Dive into the captivating world of Sonja B Zornat's artistry as she shares her creative journey and the stories woven within her thought-provoking pieces. In this exclusive interview for COMA, Sonja invites us to explore the interconnected themes of safety, vulnerability, and resilience through her evocative artwork.

Sonja's pieces, "A Dream Come", "Meaning of Life", and "You gave me cold heat...", offer a glimpse into her introspective exploration of domestic violence and the quest for security amidst life's uncertainties. Through subtle symbolism and striking textures, Sonja's work sparks dialogue and introspection, inviting viewers to engage with complex issues in their own unique way.

Join us as we delve into Sonja's artistic process, her use of symbolism, and her vision for contributing to broader societal conversations. Discover how her artistry navigates the delicate balance between personal expression and universal resonance, offering a compelling reflection on the human experience.

Don't miss this opportunity to gain insight into the mind of a rising artist whose work challenges, inspires, and resonates with audiences on a profound level.

The following interview has been edited and condensed.


COMA: So Sonja, let's start with who you are and where you are in your artistic practice right now.

Sonja: Well, defining who I am is a bit of a challenge, but also not. My family is deeply artistic, and growing up, I practically lived in exhibitions. Initially, I thought art wasn't for me, but then I changed my mind. .

COMA: Could you introduce the pieces we're showcasing today? Are they part of a cohesive body of work, or were they conceptualized separately?

Sonja: Actually, no. "A Dream Come" and "Meaning of Life" emerged together, but "You gave me cold heat..." delves into a different realm, exploring domestic violence. While it's more overt in its theme, it still resonates with the others in a series-like manner.

COMA: Your works seem to evolve cohesively. Do you see a linear progression, or are you exploring different subjects?

Sonja: The themes are interconnected, albeit some pieces veer more distinctly in one direction. Over time, I've noticed how seemingly disparate works find harmony, even if they were created years apart.

While "You gave me cold heat..." may not directly align with the other two, its presence adds depth. I aim for subtlety in addressing themes, preferring to let the viewer interpret rather than dictate.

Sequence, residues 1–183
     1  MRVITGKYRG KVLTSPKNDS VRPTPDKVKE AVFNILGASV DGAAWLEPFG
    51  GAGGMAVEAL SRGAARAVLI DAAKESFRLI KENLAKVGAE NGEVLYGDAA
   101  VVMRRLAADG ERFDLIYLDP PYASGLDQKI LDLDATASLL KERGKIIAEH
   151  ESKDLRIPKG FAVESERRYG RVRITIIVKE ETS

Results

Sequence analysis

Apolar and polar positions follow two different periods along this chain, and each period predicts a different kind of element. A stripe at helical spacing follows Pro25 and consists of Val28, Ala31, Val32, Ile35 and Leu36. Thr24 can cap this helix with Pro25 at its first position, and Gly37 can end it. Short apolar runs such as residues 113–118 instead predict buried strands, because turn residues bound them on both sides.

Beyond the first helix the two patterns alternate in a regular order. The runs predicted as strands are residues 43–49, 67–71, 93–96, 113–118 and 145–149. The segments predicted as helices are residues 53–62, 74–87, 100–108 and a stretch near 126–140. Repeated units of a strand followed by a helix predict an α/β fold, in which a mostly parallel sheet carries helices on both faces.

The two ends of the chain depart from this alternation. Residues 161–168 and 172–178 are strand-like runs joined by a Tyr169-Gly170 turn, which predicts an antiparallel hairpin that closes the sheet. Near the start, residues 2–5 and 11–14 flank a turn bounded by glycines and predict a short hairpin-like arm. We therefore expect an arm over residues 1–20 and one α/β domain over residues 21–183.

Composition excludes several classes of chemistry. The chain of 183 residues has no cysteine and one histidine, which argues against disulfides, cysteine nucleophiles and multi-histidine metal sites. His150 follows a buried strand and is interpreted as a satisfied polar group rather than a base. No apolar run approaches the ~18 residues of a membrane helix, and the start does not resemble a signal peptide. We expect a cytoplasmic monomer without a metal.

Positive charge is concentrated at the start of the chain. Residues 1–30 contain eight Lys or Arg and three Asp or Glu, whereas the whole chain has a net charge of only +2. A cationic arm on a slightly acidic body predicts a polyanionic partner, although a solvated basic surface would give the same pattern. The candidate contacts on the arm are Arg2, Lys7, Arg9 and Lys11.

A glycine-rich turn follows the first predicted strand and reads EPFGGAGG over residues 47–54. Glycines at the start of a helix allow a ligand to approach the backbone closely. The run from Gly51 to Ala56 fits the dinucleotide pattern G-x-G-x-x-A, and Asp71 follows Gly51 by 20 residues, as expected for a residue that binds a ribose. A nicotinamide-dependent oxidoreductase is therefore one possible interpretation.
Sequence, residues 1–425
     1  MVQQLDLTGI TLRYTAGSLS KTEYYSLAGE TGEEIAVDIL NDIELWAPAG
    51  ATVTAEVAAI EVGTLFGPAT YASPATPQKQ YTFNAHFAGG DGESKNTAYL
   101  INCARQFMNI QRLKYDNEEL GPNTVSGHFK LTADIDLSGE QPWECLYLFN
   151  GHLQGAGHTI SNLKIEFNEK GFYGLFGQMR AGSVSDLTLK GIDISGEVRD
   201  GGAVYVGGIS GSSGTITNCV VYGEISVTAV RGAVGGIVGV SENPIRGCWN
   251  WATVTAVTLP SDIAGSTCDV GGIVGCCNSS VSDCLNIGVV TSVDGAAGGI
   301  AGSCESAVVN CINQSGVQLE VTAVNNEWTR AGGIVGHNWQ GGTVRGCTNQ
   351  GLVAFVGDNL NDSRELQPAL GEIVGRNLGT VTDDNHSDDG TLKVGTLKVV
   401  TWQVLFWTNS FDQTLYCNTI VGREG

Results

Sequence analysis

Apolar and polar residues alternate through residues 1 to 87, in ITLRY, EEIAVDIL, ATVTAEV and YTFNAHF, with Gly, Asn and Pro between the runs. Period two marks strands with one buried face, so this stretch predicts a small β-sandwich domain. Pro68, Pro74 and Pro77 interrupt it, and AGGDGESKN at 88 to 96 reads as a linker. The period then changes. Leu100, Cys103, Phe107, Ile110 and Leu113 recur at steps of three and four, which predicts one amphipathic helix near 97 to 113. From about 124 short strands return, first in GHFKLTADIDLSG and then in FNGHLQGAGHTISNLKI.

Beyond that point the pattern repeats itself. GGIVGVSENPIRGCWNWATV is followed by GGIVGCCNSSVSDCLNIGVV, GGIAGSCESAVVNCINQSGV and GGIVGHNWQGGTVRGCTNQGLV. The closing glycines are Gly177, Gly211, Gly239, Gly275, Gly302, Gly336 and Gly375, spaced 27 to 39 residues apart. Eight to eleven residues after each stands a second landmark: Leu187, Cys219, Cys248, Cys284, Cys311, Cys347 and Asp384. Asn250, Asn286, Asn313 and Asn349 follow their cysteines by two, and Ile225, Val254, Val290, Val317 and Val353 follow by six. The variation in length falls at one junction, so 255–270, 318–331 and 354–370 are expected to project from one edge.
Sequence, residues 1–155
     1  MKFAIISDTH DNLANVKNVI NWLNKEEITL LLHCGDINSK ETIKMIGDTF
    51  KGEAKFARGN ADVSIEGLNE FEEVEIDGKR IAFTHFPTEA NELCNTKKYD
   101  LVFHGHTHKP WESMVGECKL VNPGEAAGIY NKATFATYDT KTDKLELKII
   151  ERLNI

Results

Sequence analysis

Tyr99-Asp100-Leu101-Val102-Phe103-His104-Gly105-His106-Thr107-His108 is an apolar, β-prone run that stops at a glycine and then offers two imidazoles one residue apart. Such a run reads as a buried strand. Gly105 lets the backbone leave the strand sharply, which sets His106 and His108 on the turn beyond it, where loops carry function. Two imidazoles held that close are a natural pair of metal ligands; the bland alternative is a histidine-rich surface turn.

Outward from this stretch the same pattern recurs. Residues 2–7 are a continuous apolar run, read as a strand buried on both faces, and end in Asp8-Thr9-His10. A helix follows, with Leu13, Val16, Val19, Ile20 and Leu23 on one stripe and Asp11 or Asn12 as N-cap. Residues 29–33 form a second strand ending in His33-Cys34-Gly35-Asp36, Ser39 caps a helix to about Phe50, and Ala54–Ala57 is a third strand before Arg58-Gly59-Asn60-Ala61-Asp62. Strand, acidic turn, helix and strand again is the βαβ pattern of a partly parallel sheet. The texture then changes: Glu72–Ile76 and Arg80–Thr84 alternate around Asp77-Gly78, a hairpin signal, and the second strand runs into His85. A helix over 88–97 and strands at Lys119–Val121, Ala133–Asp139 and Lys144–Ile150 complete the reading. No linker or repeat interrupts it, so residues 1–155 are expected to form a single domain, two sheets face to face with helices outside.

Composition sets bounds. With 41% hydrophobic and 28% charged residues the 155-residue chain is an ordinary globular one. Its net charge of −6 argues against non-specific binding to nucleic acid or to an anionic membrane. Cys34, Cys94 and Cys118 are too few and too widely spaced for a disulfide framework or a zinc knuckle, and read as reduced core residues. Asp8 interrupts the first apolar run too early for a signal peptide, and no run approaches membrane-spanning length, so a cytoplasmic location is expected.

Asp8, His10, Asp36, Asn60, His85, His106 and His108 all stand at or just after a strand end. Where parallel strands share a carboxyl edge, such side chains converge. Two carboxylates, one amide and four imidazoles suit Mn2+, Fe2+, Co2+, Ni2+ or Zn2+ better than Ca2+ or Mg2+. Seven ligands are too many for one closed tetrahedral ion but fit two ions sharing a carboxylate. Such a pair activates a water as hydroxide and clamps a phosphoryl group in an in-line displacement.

COMA: Let's delve into "Meaning of Life". It seems beds and bed frames hold significant symbolism in your work. Could you elaborate on their significance?

Sonja: Beds symbolize life's journey for me. They embody safety and comfort, but also vulnerability and turmoil. Even an empty bed tells a story—it's a canvas for interpretation, much like life itself.

COMA: Moving to "A Dream Come", the inclusion of dollhouse scenes prompts reflection on safety and home. What inspired this exploration?

Sonja: Creating a safe space has been a personal quest for me. The dollhouse represents this pursuit of security amidst life's uncertainties. It also highlights the prevalence of hidden struggles, such as domestic violence, which often go unnoticed.

COMA: Your work often addresses sensitive topics like domestic violence. How do you envision these pieces fitting into someone's home or collection?

Sonja: It's crucial for me not to impose my personal experiences onto the viewer. Art should provoke thought and conversation, even if uncomfortable. By prompting reflection, these pieces can foster greater awareness and empathy.

COMA: Do you believe your work contributes to the broader discourse on domestic violence?

Sonja: Absolutely. While I don't label exhibitions explicitly, the themes are implicit. It's about sparking dialogue and introspection. Each piece invites viewers to engage with these complex issues on their terms.

COMA: Shifting focus to technique, your use of textures is striking. Is this intentional or a result of your creative process?

Sonja: It's a bit of both. Experimenting with various mediums allows for richer storytelling that a single medium might not capture. When I choose materials and techniques, I choose it according to the mood and the story I want to convey.

COMA: Lastly, what's next for you in 2024?

Sonja: I'm taking a break from formal education to immerse myself in artistic exploration. My focus is on creating without constraints, honing my craft, and perhaps pursuing a master's degree down the line. I also have some upcoming exhibitions that I’m looking forward to.

COMA: Sounds like an exciting journey ahead. Thank you for sharing your insights with us, Sonja.

March, 2024 - COMA Editorial team